I have been rising before dawn lately, and watching the owls returning from their nocturnal labors. This is not something I have seen before and I am amazed and moved. They are swift and gray and silent and huge. They do not see me, I think, but I see them floating through the yard into the cedars and firs to the south. I have heard them at night, calling to each other, but I had never seen them, and the first time I saw one, an hour before dawn, whirring across the yard, enormous and intent and dismissive of me in my bathrobe, gaping, I was awed.
It seems to me that being awed is refreshing. We ought to be awed steadily. I was awed by the steak knives on its feet, by its incredible hearing and eyesight, by its confidence and mastery of a world I will never know in such bloody detail. That such a creature exists at all, in my neighborhood, and lives its mysterious life, singing its ancient songs and thinking its ancient thoughts, is sweet and terrifying and mysterious and lovely. I stand on the porch in the dark and then go inside and make coffee and consider all that which I do not know, which is everything.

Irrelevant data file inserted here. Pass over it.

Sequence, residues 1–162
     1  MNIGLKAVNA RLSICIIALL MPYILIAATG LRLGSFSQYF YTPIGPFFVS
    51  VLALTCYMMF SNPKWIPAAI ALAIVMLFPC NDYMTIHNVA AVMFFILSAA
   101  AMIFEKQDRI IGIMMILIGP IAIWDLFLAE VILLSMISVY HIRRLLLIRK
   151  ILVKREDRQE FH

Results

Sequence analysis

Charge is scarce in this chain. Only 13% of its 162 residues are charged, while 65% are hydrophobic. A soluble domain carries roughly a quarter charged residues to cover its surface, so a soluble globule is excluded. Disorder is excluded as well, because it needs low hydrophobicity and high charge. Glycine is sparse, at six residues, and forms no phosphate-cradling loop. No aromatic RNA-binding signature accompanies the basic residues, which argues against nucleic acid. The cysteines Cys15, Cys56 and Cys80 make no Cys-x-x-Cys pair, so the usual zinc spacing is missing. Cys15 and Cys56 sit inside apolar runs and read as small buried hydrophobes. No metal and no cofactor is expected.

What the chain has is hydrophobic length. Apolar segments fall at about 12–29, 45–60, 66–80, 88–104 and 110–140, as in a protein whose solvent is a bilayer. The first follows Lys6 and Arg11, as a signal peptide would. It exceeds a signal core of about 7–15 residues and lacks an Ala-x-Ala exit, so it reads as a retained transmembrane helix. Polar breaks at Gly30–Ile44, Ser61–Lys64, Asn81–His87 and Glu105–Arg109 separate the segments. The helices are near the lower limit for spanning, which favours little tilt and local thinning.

We invent religions to package our awe; but a true religion admits that all we really know is awe.
And so amen.
Brian Doyle is the editor of Portland Magazine at the University of Portland, and the author, most recently, of a novella, Cat’s Foot.